A successful European Green Deal must protect the ocean, as was also made clear in an open letter by 50 NGOs to Ms von der Leyen, President-elect of the European Commission, Mr Michel, President-elect of the European Council and Mr Sassoli, President of the European Parliament and the recent Council Conclusions on Oceans and Seas.

The ocean produces more than 50% of the oxygen we breathe, is the main food source for more than 3.5 billion people and we depend on it to regulate our climate. It has absorbed over 90% of the heat trapped by our carbon dioxide emissions and, as the world’s largest active carbon sink, has sequestered over 30% of the carbon from those emissions, slowing down the warming of our planet. This is why we need marine ecosystems to be rich in fauna, flora and genetic biodiversity so that they can perform their natural functions and help us by mitigating the worst effects of the climate breakdown.

Currently, we are taxing the health and immune system of the ocean through multiple stressors, as clearly described in the recent IPPC Special Report on the Ocean and the Cryosphere. We need to remove the stressors now so that it stands the best chance of enduring the consequences of the climate breakdown. It is like curing pneumonia to better fight cancer.

The European Green Deal, therefore, must include the following ocean-based climate solutions in a specific ‘Ocean resilience’ section:

  1. We need to end overfishing and shift European fisheries to low-impact fishing. On top of environmental benefits, rebuilt fish populations could increase EU fleet’s profitability up to €4.64 billion per year (compared to €0.1 billion at unsustainable fishing levels) and around 20,000 new jobs could be created. The starting point is a full implementation of the Common Fisheries Policy.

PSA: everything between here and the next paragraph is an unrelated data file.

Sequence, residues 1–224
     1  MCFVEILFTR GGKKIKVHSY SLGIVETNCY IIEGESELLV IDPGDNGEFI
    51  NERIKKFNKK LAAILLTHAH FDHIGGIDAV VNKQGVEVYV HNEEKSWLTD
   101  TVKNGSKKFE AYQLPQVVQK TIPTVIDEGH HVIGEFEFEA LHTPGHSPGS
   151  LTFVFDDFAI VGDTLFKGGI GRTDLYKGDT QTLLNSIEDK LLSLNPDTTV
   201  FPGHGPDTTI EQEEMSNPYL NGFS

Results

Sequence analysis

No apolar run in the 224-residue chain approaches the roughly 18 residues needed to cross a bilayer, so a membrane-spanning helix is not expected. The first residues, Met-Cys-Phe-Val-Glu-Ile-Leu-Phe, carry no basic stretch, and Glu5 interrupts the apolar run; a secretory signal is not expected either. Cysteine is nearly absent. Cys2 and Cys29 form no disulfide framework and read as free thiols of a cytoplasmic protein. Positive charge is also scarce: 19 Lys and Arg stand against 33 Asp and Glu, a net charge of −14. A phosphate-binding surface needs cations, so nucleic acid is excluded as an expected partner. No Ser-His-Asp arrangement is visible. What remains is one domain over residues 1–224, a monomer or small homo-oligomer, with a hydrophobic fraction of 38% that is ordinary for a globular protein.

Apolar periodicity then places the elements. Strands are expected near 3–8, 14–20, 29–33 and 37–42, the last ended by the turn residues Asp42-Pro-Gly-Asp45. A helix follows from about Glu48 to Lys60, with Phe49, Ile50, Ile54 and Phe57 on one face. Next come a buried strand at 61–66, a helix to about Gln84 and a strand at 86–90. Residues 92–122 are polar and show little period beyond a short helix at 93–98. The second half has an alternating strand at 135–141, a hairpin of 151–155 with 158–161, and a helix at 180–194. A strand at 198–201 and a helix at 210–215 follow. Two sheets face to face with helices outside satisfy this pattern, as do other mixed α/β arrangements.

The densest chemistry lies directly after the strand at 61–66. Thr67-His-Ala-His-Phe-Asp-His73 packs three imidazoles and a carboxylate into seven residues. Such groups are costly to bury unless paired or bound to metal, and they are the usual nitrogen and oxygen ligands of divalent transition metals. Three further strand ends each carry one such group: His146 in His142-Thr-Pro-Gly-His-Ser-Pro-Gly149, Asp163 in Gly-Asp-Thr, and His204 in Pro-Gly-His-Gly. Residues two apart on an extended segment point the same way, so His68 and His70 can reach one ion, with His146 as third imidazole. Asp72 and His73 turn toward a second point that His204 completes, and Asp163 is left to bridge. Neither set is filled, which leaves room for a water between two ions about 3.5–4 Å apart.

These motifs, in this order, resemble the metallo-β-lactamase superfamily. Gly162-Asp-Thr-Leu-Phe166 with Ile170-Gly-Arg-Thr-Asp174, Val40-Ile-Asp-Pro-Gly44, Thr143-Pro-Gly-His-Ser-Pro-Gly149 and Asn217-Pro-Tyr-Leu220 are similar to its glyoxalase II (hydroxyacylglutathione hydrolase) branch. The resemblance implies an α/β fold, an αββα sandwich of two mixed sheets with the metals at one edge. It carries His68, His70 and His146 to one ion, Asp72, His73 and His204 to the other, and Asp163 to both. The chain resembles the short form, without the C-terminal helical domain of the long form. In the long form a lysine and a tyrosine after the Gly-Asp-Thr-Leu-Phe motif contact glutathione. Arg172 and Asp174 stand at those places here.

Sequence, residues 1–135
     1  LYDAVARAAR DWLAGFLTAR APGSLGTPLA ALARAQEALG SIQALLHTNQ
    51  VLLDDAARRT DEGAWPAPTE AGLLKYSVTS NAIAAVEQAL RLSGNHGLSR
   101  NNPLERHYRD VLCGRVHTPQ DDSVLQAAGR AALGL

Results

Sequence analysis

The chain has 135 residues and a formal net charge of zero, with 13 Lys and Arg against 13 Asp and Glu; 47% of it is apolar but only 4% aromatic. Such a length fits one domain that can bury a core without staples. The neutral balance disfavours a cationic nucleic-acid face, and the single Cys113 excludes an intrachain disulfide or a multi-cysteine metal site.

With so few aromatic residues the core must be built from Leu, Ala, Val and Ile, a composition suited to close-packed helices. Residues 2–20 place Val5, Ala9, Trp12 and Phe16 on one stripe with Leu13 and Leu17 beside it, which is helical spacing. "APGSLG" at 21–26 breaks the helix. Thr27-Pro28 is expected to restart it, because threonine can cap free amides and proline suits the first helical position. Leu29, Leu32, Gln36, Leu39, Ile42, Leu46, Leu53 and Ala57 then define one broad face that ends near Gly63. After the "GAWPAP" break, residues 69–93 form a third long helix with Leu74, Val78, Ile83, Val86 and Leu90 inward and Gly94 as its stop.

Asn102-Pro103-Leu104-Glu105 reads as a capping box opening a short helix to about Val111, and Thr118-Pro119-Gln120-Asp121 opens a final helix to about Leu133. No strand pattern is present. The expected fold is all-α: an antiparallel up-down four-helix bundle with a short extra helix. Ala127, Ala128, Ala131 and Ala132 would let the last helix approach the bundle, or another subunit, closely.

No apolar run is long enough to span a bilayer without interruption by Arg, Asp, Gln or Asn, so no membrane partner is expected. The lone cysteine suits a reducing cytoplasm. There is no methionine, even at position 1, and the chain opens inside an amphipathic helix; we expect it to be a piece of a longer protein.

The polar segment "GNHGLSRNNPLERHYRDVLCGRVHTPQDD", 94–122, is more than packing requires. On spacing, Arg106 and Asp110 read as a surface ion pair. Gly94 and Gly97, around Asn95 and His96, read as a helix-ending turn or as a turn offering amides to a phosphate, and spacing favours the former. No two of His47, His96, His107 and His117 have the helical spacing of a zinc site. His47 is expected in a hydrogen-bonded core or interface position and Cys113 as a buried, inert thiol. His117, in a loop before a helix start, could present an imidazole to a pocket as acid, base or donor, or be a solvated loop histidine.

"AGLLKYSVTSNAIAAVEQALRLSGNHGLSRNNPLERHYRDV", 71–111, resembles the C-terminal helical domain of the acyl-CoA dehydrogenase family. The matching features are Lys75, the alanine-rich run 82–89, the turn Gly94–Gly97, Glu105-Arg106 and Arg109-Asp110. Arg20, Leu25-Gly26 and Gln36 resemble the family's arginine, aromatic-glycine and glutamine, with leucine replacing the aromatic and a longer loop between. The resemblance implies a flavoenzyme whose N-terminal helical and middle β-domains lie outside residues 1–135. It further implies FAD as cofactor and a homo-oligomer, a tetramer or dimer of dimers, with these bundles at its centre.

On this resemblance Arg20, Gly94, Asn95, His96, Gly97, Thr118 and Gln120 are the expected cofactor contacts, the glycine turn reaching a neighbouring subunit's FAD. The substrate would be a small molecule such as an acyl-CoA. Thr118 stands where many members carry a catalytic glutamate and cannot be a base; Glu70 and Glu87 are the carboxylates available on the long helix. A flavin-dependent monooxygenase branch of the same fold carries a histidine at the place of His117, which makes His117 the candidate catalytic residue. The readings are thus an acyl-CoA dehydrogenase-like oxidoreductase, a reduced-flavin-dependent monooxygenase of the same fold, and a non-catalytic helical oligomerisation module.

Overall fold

2. We need a clean, pollution-free ocean. European policies must ensure that companies and communities stop releasing plastics, organic pollutants, excess nutrients and hazardous substances that reach the sea and poison marine life. Shipping activities will also have to drastically reduce their emissions of greenhouse gas, noise and waste, ultimately becoming zero-emission. A pollution-free ocean requires the full implementation of the Water Framework Directive and the REACH regulation, an ambitious revision of the Common Agricultural Policy and the rapid transposition and implementation of the Directives on the reduction of the impact of certain plastic products on the environment and on Port Reception Facilities. It also requires EU leadership on clean shipping at the International Maritime Organization.
  3. We need to protect marine biodiversity inside a continuous network of well-managed Marine Protected Areas, and create the conditions for healthy marine ecosystems in the whole ocean. We need 30% of the EU’s maritime area to be protected against human impacts by restricting them to harmful activities. Full implementation of the Birds and Habitats Directives is critical. In the rest of the ocean, the planning of human activities should support the restoration of thriving marine ecosystems, as required by the Marine Directive. Certain activities, such as deep-sea mining and oil and gas extraction, are as incompatible with our climate as they are to marine life and need to be stopped altogether.

It is possible to build the resilience of the ocean to climate breakdown by removing the stressors within our control. Bringing an end to overfishing and pollution in all its forms and preventing further biodiversity, ecosystem and habitat loss are essential measures within our reach.

The Green deal should include a chapter on ocean resilience with these priority measures to secure the necessary political commitment and give Europe the chance to act as a global leader to inspire change worldwide in a decisive decade.

 

 

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